Air New Zealand is reporting an underlying loss of $87 million for the 2020 financial year, compared to earnings of $387 million last year.
Covid-19 has wiped out its first half result and statutory losses before taxation, which include $541 million of other significant items, were $628m, compared to earnings of $382 million last year.
The after-tax loss was $454m and the airline is not making any guidance about the year to come although another loss is forecast.
Non-cash items of $453 million reflected most of the other significant items, including the $338 million aircraft impairment charge related to grounding of the Boeing 777-200ER fleet for the foreseeable future.
Chairwoman Dame Therese Walsh said the airline was acting with speed and agility to lower the cost base, and pivoting quickly to ramp up domestic and cargo services to help keep the New Zealand economy moving.
"Now, nearly 6 months following the declaration of a global pandemic, the $87 million loss we are reporting today, our first loss in 18 years, reflects the quick and severe impact Covid-19 has had on our business."
Short-term liquidity as at August 25 was approximately $1.1 billion, made up of cash and the $900 million standby loan facility from the Government.
Due to the strong cash position pre-Covid-19, swift action taken by management to reduce cash burn and a better than expected return of domestic demand after the initial lockdown was lifted in New Zealand, the airline has not yet utilised the standby loan facility.
However, it expects to start drawing on these funds in the coming days.
Cash burn averaged approximately $175 million a month from April to June, including higher than average refunds, redundancy payments and fuel hedge close out costs, but this reduced to $85 million for July.
The airline is estimating the go forward average monthly cash burn to be in the range of $65 million to $85 million while international travel restrictions remain and assuming resumption of domestic travel with no social distancing requirements, as well as a continuation of government-supported cargo flights.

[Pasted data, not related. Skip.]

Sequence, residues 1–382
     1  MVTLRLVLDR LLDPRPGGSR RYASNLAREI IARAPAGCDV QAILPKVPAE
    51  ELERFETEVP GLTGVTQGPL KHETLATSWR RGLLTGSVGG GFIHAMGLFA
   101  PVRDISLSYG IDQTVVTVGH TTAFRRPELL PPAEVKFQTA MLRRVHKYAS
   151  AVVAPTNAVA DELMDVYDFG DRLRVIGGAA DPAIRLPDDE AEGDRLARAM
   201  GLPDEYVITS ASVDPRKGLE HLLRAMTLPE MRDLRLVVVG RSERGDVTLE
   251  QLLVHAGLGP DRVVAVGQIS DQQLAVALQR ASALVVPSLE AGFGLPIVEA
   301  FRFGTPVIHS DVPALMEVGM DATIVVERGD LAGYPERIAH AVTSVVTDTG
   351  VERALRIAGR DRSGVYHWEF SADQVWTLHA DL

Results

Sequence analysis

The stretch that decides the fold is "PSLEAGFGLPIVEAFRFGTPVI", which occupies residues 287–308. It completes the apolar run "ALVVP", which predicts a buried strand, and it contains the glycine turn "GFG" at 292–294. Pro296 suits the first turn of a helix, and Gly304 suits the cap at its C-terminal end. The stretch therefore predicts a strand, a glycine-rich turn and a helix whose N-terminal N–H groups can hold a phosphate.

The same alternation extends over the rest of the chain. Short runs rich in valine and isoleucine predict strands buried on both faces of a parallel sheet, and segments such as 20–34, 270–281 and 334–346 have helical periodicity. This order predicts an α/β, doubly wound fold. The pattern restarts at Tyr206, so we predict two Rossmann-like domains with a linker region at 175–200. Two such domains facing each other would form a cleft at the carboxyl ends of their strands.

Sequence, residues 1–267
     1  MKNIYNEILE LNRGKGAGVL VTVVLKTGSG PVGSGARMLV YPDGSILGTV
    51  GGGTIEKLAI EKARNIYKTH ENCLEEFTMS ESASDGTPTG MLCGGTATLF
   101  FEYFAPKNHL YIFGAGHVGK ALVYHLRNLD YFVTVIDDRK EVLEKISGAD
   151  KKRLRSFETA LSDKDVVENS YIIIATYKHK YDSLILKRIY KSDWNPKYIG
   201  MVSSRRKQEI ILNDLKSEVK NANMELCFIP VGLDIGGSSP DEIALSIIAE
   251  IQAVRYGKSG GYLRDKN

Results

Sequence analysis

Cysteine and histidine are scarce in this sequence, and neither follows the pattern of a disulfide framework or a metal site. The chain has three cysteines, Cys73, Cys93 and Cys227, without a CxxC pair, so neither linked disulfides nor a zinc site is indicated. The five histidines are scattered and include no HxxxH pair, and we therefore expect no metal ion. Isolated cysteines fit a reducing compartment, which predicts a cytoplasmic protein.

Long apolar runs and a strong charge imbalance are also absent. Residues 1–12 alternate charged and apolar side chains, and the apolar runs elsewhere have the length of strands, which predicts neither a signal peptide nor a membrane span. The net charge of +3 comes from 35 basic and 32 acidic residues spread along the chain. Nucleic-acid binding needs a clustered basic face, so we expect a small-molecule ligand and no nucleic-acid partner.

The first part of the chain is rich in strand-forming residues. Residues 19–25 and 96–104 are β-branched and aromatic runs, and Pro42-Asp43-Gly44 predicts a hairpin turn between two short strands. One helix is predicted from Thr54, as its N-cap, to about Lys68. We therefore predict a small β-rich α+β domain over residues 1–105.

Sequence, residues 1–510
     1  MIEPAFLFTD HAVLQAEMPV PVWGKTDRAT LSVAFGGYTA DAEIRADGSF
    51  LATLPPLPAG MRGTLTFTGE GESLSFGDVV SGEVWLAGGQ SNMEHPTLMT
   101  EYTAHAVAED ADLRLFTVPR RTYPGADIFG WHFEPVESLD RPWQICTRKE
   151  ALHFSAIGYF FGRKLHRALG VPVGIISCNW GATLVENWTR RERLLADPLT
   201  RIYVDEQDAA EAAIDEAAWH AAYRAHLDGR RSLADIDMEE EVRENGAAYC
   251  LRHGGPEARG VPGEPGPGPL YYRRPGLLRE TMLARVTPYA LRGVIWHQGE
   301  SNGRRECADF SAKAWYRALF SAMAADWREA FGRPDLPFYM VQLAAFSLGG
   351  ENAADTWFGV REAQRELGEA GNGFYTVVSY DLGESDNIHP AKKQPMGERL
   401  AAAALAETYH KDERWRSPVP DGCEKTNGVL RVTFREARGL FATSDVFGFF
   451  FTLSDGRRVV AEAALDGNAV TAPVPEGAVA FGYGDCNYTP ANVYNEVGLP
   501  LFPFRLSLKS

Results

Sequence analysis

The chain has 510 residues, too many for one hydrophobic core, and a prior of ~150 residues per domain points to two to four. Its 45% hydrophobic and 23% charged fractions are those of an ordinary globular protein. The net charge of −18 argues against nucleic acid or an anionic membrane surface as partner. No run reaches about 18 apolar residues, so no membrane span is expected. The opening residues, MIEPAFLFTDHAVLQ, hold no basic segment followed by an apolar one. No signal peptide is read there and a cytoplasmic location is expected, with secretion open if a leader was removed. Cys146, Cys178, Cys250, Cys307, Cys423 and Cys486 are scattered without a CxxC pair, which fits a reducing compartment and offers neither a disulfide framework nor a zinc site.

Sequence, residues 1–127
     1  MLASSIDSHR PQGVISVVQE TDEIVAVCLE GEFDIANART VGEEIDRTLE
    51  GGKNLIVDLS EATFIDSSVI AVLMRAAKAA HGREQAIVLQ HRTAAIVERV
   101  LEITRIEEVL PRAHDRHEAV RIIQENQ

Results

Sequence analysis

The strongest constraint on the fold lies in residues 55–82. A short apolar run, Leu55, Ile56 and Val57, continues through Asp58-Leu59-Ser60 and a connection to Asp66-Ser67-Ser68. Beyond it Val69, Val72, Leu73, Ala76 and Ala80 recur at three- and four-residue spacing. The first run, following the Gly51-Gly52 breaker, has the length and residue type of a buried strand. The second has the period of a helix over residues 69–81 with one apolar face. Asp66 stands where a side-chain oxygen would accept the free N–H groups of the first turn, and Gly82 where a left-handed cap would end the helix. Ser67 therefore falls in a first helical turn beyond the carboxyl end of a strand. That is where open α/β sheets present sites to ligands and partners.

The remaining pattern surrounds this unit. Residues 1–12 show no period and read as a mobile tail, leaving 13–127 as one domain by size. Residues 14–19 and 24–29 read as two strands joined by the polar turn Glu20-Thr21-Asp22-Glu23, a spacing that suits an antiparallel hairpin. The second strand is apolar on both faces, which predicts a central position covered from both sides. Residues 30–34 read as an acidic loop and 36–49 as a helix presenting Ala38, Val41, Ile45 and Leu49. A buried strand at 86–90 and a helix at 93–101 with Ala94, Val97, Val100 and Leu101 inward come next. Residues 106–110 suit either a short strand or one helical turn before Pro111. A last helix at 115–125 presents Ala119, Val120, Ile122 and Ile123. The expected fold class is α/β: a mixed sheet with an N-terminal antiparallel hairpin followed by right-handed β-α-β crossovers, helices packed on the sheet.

She said the Board is focused on preserving Air New Zealand's liquidity across a range of potential demand recovery scenarios.
Given current financial pressures as the airline manages the impact of Covid-19, the Board has determined that it will not declare a final dividend for the 2020 financial year.
The airline said the Government had recently reaffirmed the Crown's long-standing commitment to maintaining its majority shareholding in Air New Zealand, having regard to the unique and critical role the company has in New Zealand's economy and society.
This is reflected in the Crown loan facility that provides Air New Zealand with liquidity support whilst the airline works through to a permanent solution.
''Air New Zealand is engaging constructively with the Crown as it continues to assess its capital structure and funding needs.''
Chief executive Greg Foran said Covid-19 has highlighted once again that the core strength of the airline is its people and their ability to respond to change quickly.